Supply Chain Matters highlights yet another indication that that governments and respective large semiconductor producers are initiating strategic moves to position global regionalization centric concentration for semiconductor fab and advanced high tech capability.
In prior semiconductor supply network focused commentaries this blog has highlighted that as geo-political and global trade tensions abound influential governments have moved to forms of industrial policy that clearly focus semiconductor design, fabrication, and assembly as a key aspect of domestic supply network presence. These moves are indeed reinforcement that semiconductors are the new oil that drive economic growth and domestic security.
The enactment of the U.S. CHIPS Act was a significant milestone in this effort and the result has been many large semiconductor producers such as Samsung, Intel and others announcing new investments in U.S. based capabilities.
Last week the Government of South Korea announced plans to foster the globe’s largest concentration of semiconductor supply network capabilities over the coming two decades. The move is reportedly an effort to protect the country’s standing as a leader in advanced semiconductor development and production. It is coupled with a reported broader $418 billion of planned private industry investment within strategic high tech supply network investments focused on semiconductor, advanced battery, and electronic display advanced capability areas,
Reportedly a new industrial complex is being envisioned extending out to the year 2042 to be located in the Gyeonggi province area near the city of Seoul. The equivalent of $228 billion of investment is reportedly planned with producers such as Samsung Electronics indicating a desire to invest in five new facilities to support contract chip fabrication, memory chain production and other needs. According to South Korea’s Ministry of Trade, the presence of Samsung and memory chip producer SK Hynix will the basis of the globe’s largest single site semiconductor complex.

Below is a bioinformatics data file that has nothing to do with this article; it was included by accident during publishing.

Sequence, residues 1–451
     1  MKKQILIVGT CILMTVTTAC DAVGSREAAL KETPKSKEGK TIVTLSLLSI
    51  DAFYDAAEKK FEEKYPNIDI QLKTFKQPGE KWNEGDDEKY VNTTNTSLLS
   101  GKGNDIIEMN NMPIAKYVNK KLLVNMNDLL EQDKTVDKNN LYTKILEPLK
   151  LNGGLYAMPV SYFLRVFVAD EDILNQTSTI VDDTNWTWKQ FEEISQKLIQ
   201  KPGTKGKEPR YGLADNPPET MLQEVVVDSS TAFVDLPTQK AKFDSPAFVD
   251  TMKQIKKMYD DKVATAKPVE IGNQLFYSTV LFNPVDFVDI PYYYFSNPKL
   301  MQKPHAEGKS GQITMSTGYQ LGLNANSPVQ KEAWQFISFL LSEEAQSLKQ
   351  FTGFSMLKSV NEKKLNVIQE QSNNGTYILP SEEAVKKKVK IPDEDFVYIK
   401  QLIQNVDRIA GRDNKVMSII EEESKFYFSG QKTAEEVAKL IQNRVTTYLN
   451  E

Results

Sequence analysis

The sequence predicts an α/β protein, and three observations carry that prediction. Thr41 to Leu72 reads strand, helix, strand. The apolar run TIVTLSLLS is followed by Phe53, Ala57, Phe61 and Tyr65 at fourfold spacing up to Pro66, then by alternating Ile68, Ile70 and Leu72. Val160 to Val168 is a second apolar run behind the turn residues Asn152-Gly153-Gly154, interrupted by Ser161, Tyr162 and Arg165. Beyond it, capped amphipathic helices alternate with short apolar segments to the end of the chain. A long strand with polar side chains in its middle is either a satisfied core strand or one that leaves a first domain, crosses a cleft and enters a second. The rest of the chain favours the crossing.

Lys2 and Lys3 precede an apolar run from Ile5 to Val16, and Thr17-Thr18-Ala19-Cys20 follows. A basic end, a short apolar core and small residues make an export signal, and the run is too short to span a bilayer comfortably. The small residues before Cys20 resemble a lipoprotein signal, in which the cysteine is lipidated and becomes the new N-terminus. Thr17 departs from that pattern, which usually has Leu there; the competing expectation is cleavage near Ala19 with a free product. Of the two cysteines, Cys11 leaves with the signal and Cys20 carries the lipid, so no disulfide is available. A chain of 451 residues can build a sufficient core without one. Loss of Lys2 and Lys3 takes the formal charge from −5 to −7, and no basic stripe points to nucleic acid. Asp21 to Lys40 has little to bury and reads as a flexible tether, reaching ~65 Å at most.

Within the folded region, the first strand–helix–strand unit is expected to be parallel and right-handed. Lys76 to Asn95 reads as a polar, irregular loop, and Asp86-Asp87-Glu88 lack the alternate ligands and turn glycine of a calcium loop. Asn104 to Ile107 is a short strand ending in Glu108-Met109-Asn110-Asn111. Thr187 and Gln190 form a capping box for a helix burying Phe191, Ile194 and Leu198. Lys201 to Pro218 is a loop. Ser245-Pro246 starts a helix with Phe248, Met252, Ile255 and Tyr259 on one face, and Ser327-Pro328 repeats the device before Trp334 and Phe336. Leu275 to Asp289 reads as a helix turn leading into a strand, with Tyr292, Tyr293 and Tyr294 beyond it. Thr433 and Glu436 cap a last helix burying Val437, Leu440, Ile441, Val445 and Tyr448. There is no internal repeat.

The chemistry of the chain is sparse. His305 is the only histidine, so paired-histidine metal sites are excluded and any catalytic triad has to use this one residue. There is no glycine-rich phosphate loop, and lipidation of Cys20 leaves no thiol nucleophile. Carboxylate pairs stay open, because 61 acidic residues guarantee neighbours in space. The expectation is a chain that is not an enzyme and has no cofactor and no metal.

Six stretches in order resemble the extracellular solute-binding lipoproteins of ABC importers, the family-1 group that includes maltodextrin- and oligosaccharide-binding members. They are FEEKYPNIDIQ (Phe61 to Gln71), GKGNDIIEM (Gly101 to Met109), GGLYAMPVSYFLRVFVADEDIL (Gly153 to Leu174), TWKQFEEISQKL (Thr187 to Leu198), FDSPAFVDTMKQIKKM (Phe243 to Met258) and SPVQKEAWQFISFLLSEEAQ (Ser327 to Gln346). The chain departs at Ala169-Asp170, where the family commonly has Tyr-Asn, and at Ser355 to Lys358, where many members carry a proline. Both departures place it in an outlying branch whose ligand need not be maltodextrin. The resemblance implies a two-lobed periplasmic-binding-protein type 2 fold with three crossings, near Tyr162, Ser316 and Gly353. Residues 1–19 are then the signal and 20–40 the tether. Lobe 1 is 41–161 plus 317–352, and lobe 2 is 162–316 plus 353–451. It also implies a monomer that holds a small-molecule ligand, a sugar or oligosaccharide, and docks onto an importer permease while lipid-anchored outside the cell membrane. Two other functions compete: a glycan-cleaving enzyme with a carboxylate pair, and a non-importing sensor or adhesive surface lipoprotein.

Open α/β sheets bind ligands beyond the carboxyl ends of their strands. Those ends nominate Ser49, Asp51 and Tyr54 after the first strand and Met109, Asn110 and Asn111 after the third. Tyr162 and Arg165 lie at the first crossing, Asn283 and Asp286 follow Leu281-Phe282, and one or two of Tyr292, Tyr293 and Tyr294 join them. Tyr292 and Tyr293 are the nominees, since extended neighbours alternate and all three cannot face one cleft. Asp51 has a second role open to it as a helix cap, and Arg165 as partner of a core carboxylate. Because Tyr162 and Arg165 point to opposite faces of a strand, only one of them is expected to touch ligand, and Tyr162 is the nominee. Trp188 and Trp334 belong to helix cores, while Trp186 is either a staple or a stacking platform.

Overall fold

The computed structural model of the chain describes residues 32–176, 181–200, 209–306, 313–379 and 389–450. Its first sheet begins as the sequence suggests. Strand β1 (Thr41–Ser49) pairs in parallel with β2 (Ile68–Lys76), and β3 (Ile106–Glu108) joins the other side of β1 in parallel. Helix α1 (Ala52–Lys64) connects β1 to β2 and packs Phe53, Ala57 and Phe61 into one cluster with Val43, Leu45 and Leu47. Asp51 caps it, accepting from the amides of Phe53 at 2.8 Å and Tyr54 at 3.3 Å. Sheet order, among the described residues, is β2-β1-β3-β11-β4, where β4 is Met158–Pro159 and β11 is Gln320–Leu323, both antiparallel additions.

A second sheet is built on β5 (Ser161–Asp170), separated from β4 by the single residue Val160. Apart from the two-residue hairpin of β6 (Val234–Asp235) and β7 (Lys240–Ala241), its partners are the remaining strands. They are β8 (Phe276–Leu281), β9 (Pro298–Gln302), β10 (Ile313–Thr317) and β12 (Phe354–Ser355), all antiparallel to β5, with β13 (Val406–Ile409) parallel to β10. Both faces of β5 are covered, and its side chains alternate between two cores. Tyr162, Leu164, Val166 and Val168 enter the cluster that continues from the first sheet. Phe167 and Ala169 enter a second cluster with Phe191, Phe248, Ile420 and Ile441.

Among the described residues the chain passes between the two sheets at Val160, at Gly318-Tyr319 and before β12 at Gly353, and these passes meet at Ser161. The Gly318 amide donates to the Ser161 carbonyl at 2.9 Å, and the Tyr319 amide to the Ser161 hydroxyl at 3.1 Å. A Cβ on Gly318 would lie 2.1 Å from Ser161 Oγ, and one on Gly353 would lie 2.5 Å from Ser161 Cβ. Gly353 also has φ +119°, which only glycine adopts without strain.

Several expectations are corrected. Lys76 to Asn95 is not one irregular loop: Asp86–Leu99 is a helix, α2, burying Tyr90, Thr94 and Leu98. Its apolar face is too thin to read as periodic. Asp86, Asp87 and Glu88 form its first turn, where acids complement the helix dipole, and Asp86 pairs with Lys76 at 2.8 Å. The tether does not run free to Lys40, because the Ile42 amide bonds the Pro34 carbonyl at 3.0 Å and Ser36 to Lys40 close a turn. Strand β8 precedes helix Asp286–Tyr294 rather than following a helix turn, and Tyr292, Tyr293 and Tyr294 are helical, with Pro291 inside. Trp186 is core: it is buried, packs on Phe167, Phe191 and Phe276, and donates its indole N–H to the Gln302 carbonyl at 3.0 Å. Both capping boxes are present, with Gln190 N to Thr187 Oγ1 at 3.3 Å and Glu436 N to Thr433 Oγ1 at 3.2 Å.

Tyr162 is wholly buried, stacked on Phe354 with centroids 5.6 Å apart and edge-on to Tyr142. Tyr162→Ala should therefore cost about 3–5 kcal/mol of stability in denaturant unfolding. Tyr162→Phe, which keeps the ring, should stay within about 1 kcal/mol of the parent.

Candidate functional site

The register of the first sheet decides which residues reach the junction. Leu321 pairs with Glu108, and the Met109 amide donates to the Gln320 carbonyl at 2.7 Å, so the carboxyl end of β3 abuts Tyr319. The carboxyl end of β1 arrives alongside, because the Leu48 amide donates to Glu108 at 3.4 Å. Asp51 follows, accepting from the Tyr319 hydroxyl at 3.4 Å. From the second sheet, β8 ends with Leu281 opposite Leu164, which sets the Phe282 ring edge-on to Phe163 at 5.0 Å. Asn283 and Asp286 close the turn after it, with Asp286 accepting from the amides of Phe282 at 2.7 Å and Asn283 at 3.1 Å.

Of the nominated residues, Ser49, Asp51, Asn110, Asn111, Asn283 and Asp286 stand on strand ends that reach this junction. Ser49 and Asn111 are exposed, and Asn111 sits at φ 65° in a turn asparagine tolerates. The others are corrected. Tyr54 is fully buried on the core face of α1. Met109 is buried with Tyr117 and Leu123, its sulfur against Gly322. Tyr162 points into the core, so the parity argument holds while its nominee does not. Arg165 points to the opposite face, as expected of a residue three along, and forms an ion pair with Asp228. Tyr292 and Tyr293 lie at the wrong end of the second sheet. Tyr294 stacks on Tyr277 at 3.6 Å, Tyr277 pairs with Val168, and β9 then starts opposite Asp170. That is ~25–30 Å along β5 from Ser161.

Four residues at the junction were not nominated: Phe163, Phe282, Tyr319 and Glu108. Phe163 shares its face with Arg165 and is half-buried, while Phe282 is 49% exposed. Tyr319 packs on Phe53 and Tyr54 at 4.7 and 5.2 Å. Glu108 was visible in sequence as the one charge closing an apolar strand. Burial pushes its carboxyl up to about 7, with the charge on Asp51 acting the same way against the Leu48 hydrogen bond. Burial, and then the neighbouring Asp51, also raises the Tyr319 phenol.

According to reporting by The Wall Street Journal (Paid subscription required), the government will not be directly funding the investments but rather providing an attractive complement of tax incentives, more business-friendly regulatory measures, subsidized research and development activities. In research and development, a declared goal for fostering 10 leading chip-design firms has been established.
Other incentives are reportedly government subsidized added water and utility investments critical to such areas of production.
Both South Korea and Japan are being positioned by evolving U.S, trade policy to be noted as friendly nation trade partners. Japan itself is increasing its own investments in lower-tiered semiconductor materials supply capabilities along with fab capabilities.
The European Union is reportedly considering a proposed European CHIPS Act providing upwards of €43 billion in public and private investments in domestic advanced semiconductor supply networks. The government of India has announced an initiative as well.
If all of these plans come to fruition the global landscape would include a variety of regionally based semiconductor or battery focused hubs to support both global along with domestic and regional needs. The obvious concern is that of global overcapacity but as those in high tech industry supply chain ecosystems are acutely aware, this has been a perennial challenge with cycles of excess demand or supply. The challenge is that such expensive investments imply a need to always be recognized as having leading-edge capability with solid base of demand for either commodity or advanced design chips.
The stakes are getting higher.
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